A daughter’s story
Acting as carer for a loved one is a future outlook that most of us would rather not think about. But for some, that eventually turns into a reality, writes Rachel Brennan.
As part of Carers Week, colleagues are sharing their own experiences of the highs and lows of providing unpaid care for a loved one.
Dawn Taylor, advisor in the Bangor customer experience team, officially started caring for her 83 year-old mother, Mair (Welsh for Mary), when she was diagnosed with vascular dementia and Alzheimer’s just over a month ago.
‘Mum wasn’t comfortable with carers coming into her home. I’d already been looking out for her for quite a number of years – but since the diagnosis, I need to pop in every day,’ says Dawn.
As her daughter, Dawn’s known best how to support her mum. But coronavirus and the lockdown has brought about extra challenges.
‘She was always such an independent person, happy-go-lucky person,’ explains Dawn. ‘But she can get quite forgetful and she was recently aggressive. I know that’s not her – she’s never been that sort of person. It’s totally out of character.’
People’s mobility and personality can change completely with dementia, and that can have a devastating impact on the family support network. It was a major blow for Dawn when she realised Mair’s memory was failing, particularly in recognition of close-knit family members.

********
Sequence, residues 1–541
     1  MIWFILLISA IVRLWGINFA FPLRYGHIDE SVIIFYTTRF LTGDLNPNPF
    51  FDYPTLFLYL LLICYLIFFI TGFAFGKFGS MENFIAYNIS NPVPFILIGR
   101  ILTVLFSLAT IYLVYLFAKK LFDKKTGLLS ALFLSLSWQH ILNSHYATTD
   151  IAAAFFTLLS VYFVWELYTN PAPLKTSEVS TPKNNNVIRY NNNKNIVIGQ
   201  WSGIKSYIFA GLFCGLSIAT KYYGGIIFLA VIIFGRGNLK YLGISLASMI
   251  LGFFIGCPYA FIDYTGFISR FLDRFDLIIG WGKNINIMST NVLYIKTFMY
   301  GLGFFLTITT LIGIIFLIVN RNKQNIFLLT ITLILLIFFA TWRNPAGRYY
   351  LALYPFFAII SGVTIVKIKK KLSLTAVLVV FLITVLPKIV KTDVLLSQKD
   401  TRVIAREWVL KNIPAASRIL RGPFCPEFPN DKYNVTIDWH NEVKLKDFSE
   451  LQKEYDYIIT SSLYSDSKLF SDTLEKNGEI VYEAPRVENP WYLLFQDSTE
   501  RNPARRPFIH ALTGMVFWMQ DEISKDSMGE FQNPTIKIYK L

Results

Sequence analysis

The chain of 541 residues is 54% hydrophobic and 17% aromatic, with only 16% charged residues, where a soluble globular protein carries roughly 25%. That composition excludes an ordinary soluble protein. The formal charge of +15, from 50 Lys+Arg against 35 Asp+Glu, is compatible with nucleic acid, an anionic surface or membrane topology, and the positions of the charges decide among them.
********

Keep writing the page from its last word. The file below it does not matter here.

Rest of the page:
‘She’s struggling to remember my daughter and her two boys – who she’s always had an incredibly close relationship with,’ said Dawn.
‘When she receives letters from the bank, she works herself up terribly. She’s worried that she doesn’t have enough money in the bank. She’s fine, but she’s just confused.’
Royal Mail recognises the contribution unpaid carers make to families and communities across the UK.
‘Penny is my manager, I’ve felt very supported,’ says Dawn. ‘When something’s happened with mum, Penny just says, “go to your mum and phone me after to let me know how she is”. I couldn’t ask for a better employer.’
When a family member or friend requires care, it’s up to those closest to them that inevitably have to make some tough decisions. That can mean a lot of life-changing adjustments.
‘I had a brilliant mum and dad, a wonderful upbringing,’ says Dawn. ‘I feel now, it’s my duty to look after her because she’s been such a brilliant mum. She’s my best friend.’
Keep a look out for more about Carers Week on myroyalmail.com and Workplace.
If you’d like further information, please email: Parents.and.Carers@royalmail.com